“The standard now is that patients should not only get chemotherapy in their veins, but in the belly, with the use of intraperitoneal chemotherapy (IP),” said Dr. Estape.
Following surgery to remove the tumor, cancer fighting drugs are delivered into the abdomen through a catheter, often placed there during the procedure. While clinical trials have shown that new drugs improve survival rates, he said, the rates of survival are much bigger with IP.
“If you look at what happened with the development of intraperitoneal chemotherapy, it improved survival by 20 months,” Dr. Estape said. “That’s a huge difference.”
A study, published in August in the Journal of Clinical Oncology found that while use of IP has increased significantly, less than half of eligible patients actually receive the treatment.
One reason might be a lack of awareness of the benefits of IP, Dr. Lambrou said. When women are diagnosed with ovarian cancer, the treatment should be explained, giving them the option. Referral to a gynecological oncologist would help women ensure that they are receiving the right surgical procedures, he said.
In addition, he said, recent research suggests that some ovarian cancer may actually begin in the fallopian tubes. For this reason, most gynecologists now advocate removing fallopian tubes electively during a hysterectomy. Prior to recent findings, the tubes were not removed.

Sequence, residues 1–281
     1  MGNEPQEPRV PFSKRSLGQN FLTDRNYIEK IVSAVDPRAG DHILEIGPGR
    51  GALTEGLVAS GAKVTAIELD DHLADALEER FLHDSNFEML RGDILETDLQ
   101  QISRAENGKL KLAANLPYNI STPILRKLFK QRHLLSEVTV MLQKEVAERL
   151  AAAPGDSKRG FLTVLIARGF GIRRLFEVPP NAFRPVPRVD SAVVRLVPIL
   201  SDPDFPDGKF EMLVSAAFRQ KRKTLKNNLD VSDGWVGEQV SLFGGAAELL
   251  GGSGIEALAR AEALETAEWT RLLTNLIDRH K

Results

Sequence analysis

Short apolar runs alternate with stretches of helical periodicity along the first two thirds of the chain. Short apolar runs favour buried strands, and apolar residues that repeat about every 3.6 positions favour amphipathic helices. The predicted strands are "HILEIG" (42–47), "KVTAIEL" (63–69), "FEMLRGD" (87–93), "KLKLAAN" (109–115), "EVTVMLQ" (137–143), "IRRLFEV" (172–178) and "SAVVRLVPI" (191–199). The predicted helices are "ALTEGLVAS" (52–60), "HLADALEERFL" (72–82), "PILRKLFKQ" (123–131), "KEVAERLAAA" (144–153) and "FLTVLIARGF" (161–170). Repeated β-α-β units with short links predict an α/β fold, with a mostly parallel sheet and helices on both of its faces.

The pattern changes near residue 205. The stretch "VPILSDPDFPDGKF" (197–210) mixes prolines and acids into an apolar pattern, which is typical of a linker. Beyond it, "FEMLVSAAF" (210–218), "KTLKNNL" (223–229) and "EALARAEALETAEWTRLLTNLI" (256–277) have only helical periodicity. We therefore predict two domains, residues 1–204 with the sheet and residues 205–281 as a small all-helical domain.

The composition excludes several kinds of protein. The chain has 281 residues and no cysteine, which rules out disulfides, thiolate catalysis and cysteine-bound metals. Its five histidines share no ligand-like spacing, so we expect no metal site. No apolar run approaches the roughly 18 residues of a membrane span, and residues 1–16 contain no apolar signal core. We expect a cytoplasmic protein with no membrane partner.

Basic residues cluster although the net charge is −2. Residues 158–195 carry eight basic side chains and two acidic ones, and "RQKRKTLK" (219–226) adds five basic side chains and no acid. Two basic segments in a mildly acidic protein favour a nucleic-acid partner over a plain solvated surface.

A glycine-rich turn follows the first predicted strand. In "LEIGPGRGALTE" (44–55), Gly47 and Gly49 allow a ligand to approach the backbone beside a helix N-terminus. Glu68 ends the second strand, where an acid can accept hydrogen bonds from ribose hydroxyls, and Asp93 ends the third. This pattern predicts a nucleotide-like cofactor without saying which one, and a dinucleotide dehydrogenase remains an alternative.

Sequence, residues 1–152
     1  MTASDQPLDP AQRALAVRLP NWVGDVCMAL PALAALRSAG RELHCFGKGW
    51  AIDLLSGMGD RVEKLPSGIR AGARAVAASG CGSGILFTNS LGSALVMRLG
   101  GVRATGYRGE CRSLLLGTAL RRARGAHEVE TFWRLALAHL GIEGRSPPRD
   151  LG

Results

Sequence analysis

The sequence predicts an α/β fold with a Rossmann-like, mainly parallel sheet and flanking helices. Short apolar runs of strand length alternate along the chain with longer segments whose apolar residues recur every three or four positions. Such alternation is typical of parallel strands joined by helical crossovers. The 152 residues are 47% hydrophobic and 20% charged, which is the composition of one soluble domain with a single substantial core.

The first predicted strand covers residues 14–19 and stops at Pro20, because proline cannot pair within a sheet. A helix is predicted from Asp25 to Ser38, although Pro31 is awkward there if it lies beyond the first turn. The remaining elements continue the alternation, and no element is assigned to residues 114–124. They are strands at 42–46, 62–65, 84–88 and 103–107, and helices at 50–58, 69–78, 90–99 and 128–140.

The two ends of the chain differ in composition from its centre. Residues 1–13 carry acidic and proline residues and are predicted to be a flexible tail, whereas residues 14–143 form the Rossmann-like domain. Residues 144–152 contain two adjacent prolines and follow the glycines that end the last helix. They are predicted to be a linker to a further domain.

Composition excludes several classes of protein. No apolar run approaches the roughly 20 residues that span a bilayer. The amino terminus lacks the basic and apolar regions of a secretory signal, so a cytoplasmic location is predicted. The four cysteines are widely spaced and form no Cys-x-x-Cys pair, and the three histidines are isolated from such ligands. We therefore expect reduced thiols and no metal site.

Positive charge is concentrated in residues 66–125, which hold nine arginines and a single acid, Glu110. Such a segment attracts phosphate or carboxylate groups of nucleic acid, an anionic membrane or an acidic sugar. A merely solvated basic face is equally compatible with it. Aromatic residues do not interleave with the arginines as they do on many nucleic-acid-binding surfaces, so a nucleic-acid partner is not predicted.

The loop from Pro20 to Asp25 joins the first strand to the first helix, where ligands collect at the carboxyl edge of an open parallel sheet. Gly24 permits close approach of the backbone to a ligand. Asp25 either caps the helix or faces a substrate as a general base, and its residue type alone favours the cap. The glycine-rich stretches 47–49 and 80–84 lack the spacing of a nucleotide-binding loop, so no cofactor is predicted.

Today, Dr. Lambrou said, understanding genetics is important not only for prevention, but treatment. Women who have advanced ovarian cancer associated with defective BRCA genes can now be treated with Lynparza, a new pill approved by the FDA last year. The drug is effective for many women and has few side effects, he said.
Dr. Lambrou also uses Avastin, a biologic agent. When added to chemotherapy, it inhibits formation of new blood vessels, which impedes new tumor growth. The non-toxic agent has become the standard of care for ovarian cancer, he said, increasing the interval between an occurrence of the disease.
Another treatment, CyberKnife Robotic Radiosurgery, is a noninvasive surgery alternative that delivers targeted high dose radiation to the cancer. CyberKnife pinpoints treatment, minimizing damage to healthy tissue. Dr. Lambrou uses this cutting-edge procedure to treat women with recurrent ovarian cancer. Not yet widely used, he said, the procedure has been effective.
Genetic Testing and Prevention
For prevention of ovarian cancer with an oophorectomy, women with the defective BRCA gene, should be counseled by a gynecologic oncologist about the procedure between 35 and 40 years of age, at least 10 years before menopause may begin. Women with the gene have up to a 50 percent risk of developing ovarian cancer, Dr. Lambrou said.
Other key developments have also played a role, he said. Genetic testing is more affordable and available today because more companies can now offer the tests. Insurance companies recognize the value of prevention and early detection, versus extensive surgical treatments and chemotherapy.
“What was happening 10 years ago was not just the cost being prohibitive. There was concern about what your insurance company would do with that information. We have come a long way.”